Modelling and forecasting patterns of demographic change helps regions to prepare for the impacts of national policy changes.
An ageing population brings challenges in the provision of social care, health care and appropriate housing. By modelling and forecasting patterns of demographic change at a range of spatial and temporal scales, the regional impacts of national policy changes can be highlighted and planned for.
Adaptation to demographic change has previously focused on national policy changes with little evidence for the regional impact of these policies, which requires modelling and forecasting patterns of demographic change at a range of spatial and temporal scales.
A multidisciplinary team drawn from the N8 universities, including geographer Emeritus Professor Phil Rees from the University of Leeds, modelled and forecast patterns of demographic change in the North of England between 2011 and 2036 at varying spatial scales. The work included new projections for different ethnic groups, drawn together with other studies of predicted changes to the labour market, and to housing, health and social care.
The research highlighted the need for targeted support and policy responses at Local Enterprise Partnership and local authority levels, and for national policies to give greater consideration to their regional impacts. Over the next 25 years the population of the North of England will continue to grow, and age, as a result of health improvements. This tendency will be less pronounced in urban centres due to a combination of migration and higher levels of fertility among black and minority ethnic groups.
There is a strong two-way interaction between demographic changes and patterns of labour supply and demand. There are business opportunities as people work and live longer; including development of new specialist products such as clothing, health care services and financial services, and the adaptation of the housing stock to enable people to continue to live in their own homes. There is also potential for entrepreneurship and community activism among the over 50s and people from migrant communities, especially in the arts, entertainment, recreation and education.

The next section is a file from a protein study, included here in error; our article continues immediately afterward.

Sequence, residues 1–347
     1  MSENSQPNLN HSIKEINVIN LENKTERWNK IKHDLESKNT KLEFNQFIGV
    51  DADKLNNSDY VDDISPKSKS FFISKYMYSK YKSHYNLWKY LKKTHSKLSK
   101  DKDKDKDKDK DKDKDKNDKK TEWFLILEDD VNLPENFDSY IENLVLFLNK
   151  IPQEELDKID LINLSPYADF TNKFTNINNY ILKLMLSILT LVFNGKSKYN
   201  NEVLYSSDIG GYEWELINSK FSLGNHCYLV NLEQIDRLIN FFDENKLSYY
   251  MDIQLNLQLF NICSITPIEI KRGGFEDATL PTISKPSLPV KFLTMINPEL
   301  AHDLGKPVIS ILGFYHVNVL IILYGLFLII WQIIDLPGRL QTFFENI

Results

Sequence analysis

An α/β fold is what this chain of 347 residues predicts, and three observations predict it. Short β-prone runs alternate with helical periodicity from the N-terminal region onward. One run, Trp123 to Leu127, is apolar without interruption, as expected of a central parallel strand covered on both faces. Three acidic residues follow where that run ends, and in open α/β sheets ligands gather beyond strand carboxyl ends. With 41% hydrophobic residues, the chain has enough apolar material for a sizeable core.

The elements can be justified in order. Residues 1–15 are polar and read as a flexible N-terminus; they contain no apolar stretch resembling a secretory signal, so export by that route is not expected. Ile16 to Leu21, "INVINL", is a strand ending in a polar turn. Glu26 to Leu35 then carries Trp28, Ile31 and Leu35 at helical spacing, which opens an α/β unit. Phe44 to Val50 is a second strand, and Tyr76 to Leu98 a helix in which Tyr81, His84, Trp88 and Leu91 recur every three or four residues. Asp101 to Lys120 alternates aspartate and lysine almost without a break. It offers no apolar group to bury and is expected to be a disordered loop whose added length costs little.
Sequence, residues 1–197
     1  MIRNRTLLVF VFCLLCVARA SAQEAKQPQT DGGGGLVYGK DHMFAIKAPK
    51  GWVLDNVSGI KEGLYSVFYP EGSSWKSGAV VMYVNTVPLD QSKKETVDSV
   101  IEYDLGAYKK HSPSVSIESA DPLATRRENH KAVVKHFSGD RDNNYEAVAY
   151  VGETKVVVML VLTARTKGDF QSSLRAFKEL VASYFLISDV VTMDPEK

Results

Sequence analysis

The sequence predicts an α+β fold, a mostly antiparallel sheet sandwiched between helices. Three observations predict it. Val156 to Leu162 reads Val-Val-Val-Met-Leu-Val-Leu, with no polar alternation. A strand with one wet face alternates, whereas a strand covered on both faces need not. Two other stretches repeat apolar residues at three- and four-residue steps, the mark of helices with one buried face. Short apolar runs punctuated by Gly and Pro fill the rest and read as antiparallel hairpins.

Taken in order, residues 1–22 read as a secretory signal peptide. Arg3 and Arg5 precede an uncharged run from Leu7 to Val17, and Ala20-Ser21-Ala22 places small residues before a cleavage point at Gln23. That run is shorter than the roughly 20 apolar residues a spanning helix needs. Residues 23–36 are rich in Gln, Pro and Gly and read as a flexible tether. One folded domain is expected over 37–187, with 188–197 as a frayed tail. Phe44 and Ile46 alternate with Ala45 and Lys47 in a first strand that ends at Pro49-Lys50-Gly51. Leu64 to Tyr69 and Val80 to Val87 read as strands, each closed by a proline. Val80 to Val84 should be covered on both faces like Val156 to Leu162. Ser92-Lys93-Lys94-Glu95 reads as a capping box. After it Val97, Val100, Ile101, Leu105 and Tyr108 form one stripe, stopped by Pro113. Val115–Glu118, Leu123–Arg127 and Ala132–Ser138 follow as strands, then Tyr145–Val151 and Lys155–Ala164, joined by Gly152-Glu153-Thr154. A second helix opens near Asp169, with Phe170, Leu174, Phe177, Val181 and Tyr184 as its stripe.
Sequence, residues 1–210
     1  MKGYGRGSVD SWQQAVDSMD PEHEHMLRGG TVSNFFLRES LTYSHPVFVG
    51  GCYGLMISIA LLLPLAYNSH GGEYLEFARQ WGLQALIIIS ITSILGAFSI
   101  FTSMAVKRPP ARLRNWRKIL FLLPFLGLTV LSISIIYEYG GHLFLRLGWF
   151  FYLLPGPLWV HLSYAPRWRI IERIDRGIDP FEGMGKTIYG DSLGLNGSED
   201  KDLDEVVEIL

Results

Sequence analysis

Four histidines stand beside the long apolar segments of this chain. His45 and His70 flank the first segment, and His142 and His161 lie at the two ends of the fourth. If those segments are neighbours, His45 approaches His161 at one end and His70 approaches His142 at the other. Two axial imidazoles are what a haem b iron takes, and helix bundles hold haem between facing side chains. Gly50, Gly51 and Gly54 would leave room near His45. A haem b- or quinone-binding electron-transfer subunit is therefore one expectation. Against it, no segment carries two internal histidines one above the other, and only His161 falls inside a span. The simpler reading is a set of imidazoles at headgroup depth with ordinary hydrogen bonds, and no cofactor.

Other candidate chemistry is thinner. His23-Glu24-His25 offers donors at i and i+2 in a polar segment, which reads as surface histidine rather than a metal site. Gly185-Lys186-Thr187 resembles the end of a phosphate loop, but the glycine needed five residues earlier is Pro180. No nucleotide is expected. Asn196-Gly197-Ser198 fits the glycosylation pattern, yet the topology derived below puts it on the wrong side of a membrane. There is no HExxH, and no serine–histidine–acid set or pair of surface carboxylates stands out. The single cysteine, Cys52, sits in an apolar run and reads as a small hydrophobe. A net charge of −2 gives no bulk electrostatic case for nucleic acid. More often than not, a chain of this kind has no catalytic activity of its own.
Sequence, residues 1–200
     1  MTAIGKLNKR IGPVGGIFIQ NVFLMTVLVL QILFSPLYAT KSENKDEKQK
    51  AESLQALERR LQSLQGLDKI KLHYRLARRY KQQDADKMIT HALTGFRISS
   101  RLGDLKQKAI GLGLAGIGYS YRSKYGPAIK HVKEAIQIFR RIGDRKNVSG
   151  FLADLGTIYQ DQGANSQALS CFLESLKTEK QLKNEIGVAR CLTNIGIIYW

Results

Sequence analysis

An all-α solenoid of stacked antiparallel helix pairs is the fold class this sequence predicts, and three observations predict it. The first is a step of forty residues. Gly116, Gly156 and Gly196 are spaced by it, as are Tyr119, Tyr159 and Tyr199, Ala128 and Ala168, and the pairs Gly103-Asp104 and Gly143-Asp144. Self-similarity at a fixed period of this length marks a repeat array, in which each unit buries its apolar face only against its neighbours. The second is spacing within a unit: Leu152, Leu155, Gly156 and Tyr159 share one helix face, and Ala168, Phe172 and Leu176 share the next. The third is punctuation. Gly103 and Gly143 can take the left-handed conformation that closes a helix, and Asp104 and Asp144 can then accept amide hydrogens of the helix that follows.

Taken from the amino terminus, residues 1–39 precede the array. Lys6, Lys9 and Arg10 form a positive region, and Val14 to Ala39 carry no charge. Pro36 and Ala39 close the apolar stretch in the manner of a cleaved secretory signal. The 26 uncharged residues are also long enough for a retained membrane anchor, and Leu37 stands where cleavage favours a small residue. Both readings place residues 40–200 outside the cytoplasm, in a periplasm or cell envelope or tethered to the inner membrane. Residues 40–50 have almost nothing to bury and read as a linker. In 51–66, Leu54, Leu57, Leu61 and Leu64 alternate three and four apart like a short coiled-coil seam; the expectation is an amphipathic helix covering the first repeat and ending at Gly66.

The N8 partnership project yielded a number of reports across the four strands, and a wealth of publicly-available spatially disaggregated demographic and socioeconomic data. These data allow Local Economic Partnerships (LEPs) and local authorities to model demographic change, to highlight the impacts of demographic change on health and social care infrastructure and address specific policy challenges.
LEPs in the North of England are using the research findings to give a higher priority to developing economic opportunities that may arise from an ageing population. The Future of an Ageing Population Foresight project drew upon N8 partnership data to examine health trends in the north-east of England. The research supported the decision by the Department for Business Innovation and Skills (BIS) to investigate the role of entrepreneurship amongst over 50s.
The research also underpinned the second N8 Industry Innovation Forum meeting, held in November 2012, on the topic active and healthy ageing. The event resulted in follow-up projects with N8 funding including Virtual Cycles of Wellbeing, which has created wound care products for older people on low incomes.
Future of an Ageing Population (2016)
N8 project summary report
A prior version of this case study was published in 2013.
This is an open access article under the terms of the Creative Commons Attribution License (CC-BY-4.0), which permits use, distribution and reproduction in any medium, provided the original work is cited.
How to cite
Royal Geographical Society (with IBG) (2019) Improving planning for an ageing population. Case study. [online]
Available at: http://www.rgs.org/geography/advocacy-and-impact/impact/improving-planning-for-an-ageing-population/. Last accessed on: <date>
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